- My life has been psychologically rich.
- I have had a lot of interesting experiences.
- My life consists of rich, intense moments.
- On my deathbed, I am likely to say ‘‘I had an interesting life.”
- My life would make a good novel or movie.
You can see from these items that they tap not into your current levels of well-being but into the longer-term view you have that your life has been anything but dull. As the authors predicted, people with higher scores on this measure had higher scores on openness to experience as well as higher extraversion and lower neuroticism.
Based on these findings, you might therefore wonder how it could be that introverts could be better adapted to the sacrifices necessitated by social distancing. However, Oishi et al. note that the psychologically rich life isn’t something your personality either allows you to have or not. Instead, in their words, “individuals who believe they are leading a psychologically rich life may, over time, begin to view themselves as open to new experiences, especially if they frequently observe themselves engaged in such activities” (p. 267). If new experiences are forced upon you, in other words, you may find your personality shifting in response.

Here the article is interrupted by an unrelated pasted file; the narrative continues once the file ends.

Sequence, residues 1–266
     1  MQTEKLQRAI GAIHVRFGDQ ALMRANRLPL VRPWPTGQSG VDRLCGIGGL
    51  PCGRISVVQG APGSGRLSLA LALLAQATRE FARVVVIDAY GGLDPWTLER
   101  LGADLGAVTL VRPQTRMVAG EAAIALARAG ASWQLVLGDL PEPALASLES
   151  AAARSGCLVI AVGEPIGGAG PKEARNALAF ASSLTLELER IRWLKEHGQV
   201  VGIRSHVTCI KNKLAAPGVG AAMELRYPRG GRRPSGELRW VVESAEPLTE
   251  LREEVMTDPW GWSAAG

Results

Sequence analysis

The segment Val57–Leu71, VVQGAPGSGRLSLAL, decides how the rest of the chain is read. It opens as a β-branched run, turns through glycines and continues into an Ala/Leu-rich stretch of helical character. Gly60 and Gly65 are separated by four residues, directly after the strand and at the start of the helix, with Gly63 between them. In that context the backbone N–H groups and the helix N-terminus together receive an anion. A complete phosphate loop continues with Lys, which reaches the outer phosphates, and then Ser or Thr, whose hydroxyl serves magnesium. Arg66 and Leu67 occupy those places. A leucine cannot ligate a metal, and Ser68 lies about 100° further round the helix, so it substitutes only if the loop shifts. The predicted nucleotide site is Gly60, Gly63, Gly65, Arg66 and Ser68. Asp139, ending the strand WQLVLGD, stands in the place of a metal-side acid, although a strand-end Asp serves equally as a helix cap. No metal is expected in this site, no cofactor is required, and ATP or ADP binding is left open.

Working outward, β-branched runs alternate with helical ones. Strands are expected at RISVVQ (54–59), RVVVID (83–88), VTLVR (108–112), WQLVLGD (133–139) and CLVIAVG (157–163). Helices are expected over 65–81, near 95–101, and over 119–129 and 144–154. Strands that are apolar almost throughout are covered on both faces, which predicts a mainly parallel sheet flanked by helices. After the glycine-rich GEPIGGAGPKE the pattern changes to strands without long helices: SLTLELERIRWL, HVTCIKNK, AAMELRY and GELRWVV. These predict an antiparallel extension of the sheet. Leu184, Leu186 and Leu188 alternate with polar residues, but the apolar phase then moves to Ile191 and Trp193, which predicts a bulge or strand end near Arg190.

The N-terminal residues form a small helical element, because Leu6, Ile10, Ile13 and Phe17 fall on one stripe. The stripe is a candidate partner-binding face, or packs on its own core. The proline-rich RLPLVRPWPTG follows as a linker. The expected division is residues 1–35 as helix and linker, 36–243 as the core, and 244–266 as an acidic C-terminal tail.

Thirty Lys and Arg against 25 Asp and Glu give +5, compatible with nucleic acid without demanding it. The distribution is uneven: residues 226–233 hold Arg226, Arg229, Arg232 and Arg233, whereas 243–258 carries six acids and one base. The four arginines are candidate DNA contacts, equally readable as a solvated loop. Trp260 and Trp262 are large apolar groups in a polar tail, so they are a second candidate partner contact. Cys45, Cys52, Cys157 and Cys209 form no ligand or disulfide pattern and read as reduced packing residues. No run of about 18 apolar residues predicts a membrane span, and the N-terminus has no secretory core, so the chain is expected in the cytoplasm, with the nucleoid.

Returning now to the question of why the Seattle Freeze may help explain the city’s ability to follow social distancing guidelines, it would appear that introverts could hold an advantage if they’re also high in openness to experience, which will allow them to see the new normal as an opportunity to grow.
Rather than fighting the regulations and sneaking ways to get together with people, whether at parties or parks, individuals who don’t mind being on their own can use the time to enrich their mental life in other ways. The trait of introversion may be a start, but it's not the only factor that predicts who’s able to withstand enforced social distancing.
Finally, the good news from the Oishi et al. study is that even if you’re not the type to “freeze,” your personality can mold and change in response to life’s changing pace.
Oishi, S., Choi, H., Buttrick, N., Heintzelman, S. J., Kushlev, K., Westgate, E. C., Tucker, J., Ebersole, C. R., Axt, J., Gilbert, E., Ng, B. W., & Besser, L. L. (2019). The psychologically rich life questionnaire. Journal of Research in Personality, 81, 257–270. doi: 10.1016/j.jrp.2019.06.010